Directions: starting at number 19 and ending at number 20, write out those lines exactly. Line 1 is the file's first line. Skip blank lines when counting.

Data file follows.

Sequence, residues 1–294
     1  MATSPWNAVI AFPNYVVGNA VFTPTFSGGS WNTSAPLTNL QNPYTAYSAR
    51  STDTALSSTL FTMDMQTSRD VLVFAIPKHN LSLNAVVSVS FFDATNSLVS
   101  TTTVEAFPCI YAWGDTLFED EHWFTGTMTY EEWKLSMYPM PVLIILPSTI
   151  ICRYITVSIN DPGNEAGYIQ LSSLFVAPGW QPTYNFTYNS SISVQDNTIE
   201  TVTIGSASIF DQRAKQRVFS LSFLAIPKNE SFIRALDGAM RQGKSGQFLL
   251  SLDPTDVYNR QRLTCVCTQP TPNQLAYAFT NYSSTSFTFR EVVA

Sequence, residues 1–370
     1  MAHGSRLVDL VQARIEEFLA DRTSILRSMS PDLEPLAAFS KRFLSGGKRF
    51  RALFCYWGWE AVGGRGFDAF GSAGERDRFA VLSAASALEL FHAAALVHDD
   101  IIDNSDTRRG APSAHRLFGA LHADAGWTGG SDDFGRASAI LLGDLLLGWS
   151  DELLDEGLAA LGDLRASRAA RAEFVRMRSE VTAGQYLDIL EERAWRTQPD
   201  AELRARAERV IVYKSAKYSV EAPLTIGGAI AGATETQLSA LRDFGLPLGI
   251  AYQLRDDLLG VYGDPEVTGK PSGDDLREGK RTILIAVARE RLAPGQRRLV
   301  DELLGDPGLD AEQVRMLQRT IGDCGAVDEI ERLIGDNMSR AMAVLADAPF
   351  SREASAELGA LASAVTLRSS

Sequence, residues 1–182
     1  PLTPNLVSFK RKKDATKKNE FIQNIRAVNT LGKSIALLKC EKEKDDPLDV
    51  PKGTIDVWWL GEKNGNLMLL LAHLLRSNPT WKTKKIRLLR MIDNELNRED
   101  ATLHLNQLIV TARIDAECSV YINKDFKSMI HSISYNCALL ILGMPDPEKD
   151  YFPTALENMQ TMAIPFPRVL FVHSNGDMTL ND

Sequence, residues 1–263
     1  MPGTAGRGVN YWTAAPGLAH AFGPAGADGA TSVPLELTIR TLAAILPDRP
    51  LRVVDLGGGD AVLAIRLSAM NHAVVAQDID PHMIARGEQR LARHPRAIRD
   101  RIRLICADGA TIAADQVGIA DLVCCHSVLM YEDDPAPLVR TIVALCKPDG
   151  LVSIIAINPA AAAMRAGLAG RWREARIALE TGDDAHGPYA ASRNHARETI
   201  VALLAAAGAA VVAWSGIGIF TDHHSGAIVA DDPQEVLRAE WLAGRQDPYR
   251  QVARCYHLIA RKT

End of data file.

    51  PKGTIDVWWL GEKNGNLMLL LAHLLRSNPT WKTKKIRLLR MIDNELNRED
   101  ATLHLNQLIV TARIDAECSV YINKDFKSMI HSISYNCALL ILGMPDPEKD